Surprise billing was supposed to be last year’s easy health policy fix. Industry lobbyists, consumer advocates and lawmakers all agreed insured patients shouldn’t receive high bills when they’re taken to the emergency room or inadvertently treated out of network. As re- ported in a recent issue of Politico. the issue has become the object of months of fierce lobbying and rivalries between congressional health committees, though the matter has receded during the pandemic. Congress agreed to cover the cost of COVID-19 testing in an earlier rescue package, and the Trump administration blocked providers that accept any part of a $175 billion industry bailout fund from sending unexpected bills to coronavirus patients. So-called balance billing can hit insured patients with staggering unanticipated medical bills if they inadvertently get treated at an out-of-network facility, such as in an emergency situation. Even people who go to an in-network facility may later discover one of the physicians wasn’t part of the network. Despite mounting public concern and a flurry of legislative activity, Congress over the past year couldn’t resolve a stand- off involving hospitals, physicians, employers and insurers that mired bipartisan proposals and pitted powerful health committees against each other. Efforts to help hospitals and physicians during the pandemic have left the outlook murky.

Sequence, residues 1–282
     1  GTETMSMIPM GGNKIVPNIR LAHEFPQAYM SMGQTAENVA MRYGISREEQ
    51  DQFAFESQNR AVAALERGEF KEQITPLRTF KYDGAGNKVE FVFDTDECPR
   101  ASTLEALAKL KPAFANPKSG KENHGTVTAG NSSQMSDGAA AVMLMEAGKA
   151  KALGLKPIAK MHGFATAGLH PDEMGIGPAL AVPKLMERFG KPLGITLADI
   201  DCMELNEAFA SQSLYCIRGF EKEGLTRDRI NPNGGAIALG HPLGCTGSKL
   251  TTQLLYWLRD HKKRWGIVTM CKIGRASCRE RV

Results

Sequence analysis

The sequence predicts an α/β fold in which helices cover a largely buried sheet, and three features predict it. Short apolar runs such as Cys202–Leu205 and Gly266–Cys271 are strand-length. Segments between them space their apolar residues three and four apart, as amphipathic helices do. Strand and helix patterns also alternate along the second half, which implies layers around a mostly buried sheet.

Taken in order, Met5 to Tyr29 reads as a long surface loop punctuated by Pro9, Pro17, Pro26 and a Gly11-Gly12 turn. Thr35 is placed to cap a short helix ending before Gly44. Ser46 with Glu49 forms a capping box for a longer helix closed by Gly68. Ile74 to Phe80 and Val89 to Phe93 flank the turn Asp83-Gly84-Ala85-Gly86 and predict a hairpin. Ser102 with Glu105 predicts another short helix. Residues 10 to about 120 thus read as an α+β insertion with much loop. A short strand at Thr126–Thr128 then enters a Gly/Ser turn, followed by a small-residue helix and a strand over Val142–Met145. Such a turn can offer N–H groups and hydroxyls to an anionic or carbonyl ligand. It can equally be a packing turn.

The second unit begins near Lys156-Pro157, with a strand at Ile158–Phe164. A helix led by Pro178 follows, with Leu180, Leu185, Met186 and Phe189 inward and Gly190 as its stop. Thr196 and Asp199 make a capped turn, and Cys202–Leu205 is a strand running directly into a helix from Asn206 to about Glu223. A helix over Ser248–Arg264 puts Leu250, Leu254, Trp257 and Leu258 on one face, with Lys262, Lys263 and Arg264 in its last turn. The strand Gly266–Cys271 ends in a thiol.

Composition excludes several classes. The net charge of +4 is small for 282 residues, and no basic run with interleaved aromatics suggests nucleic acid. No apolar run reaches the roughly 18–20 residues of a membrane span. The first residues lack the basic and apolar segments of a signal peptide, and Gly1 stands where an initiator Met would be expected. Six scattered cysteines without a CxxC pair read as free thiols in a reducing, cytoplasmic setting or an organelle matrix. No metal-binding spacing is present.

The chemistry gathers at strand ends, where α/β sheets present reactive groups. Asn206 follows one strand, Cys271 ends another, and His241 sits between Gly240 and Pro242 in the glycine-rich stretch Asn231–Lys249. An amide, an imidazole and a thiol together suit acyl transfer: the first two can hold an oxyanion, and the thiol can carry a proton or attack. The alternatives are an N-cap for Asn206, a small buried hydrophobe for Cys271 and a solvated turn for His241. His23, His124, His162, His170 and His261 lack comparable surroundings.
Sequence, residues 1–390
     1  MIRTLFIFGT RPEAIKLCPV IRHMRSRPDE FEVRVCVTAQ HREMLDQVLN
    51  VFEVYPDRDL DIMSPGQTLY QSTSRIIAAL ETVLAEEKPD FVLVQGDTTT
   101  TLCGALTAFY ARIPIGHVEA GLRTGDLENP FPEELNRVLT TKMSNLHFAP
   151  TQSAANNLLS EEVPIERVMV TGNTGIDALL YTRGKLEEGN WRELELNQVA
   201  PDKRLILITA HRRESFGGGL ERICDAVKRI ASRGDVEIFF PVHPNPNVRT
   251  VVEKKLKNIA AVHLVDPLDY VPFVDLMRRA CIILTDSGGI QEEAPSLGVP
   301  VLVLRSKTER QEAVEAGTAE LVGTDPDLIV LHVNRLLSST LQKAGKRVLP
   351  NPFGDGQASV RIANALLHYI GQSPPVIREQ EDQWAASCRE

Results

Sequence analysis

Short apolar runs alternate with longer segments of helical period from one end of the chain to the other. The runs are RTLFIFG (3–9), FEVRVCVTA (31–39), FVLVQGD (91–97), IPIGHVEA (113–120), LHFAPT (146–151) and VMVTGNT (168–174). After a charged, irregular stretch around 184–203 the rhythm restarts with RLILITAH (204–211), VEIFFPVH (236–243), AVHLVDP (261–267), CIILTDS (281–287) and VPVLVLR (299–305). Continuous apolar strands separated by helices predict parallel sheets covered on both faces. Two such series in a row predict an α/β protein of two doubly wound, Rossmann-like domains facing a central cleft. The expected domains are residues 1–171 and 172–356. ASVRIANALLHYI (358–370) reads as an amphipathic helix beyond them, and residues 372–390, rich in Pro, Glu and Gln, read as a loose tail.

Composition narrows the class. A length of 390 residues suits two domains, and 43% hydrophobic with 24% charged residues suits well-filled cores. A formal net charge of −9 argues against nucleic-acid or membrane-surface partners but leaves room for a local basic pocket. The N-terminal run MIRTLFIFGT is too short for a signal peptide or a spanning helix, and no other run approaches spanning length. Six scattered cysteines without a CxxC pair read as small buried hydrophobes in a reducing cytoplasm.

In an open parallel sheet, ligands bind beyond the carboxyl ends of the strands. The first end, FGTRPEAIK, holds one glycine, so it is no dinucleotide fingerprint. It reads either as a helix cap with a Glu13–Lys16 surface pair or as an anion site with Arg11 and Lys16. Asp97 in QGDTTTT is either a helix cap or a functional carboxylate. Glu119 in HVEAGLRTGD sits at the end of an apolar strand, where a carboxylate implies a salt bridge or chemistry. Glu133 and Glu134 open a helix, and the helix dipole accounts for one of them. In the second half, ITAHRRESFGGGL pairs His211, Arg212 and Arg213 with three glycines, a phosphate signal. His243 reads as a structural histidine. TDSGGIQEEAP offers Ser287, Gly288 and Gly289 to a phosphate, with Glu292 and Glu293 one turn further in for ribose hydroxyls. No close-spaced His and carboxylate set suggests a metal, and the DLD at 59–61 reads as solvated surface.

Sean Johnson

Sean Johnson

Editor/Publisher NOVO Live, Public Relations Manager, NOVO Health, (920) 851-1170, sean.johnson@novohealth.com